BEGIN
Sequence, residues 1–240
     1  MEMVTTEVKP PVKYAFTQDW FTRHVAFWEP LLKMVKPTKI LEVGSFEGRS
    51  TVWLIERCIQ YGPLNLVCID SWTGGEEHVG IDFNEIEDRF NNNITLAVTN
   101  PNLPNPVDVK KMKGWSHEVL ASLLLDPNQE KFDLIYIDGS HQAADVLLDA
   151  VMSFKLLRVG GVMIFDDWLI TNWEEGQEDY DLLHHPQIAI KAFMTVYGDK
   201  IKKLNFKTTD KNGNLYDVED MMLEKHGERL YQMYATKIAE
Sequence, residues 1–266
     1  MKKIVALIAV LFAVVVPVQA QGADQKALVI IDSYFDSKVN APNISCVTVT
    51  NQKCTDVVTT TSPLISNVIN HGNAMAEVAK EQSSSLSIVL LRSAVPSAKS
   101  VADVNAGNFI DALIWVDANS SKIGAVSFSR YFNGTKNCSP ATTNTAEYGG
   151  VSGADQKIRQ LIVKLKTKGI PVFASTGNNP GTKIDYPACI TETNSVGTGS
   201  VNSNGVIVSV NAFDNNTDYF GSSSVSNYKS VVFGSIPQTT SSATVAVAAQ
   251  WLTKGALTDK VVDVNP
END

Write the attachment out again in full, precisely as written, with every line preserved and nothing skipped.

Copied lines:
Sequence, residues 1–240
     1  MEMVTTEVKP PVKYAFTQDW FTRHVAFWEP LLKMVKPTKI LEVGSFEGRS
    51  TVWLIERCIQ YGPLNLVCID SWTGGEEHVG IDFNEIEDRF NNNITLAVTN
   101  PNLPNPVDVK KMKGWSHEVL ASLLLDPNQE KFDLIYIDGS HQAADVLLDA
   151  VMSFKLLRVG GVMIFDDWLI TNWEEGQEDY DLLHHPQIAI KAFMTVYGDK
   201  IKKLNFKTTD KNGNLYDVED MMLEKHGERL YQMYATKIAE
Sequence, residues 1–266
     1  MKKIVALIAV LFAVVVPVQA QGADQKALVI IDSYFDSKVN APNISCVTVT
    51  NQKCTDVVTT TSPLISNVIN HGNAMAEVAK EQSSSLSIVL LRSAVPSAKS
   101  VADVNAGNFI DALIWVDANS SKIGAVSFSR YFNGTKNCSP ATTNTAEYGG
   151  VSGADQKIRQ LIVKLKTKGI PVFASTGNNP GTKIDYPACI TETNSVGTGS
   201  VNSNGVIVSV NAFDNNTDYF GSSSVSNYKS VVFGSIPQTT SSATVAVAAQ
   251  WLTKGALTDK VVDVNP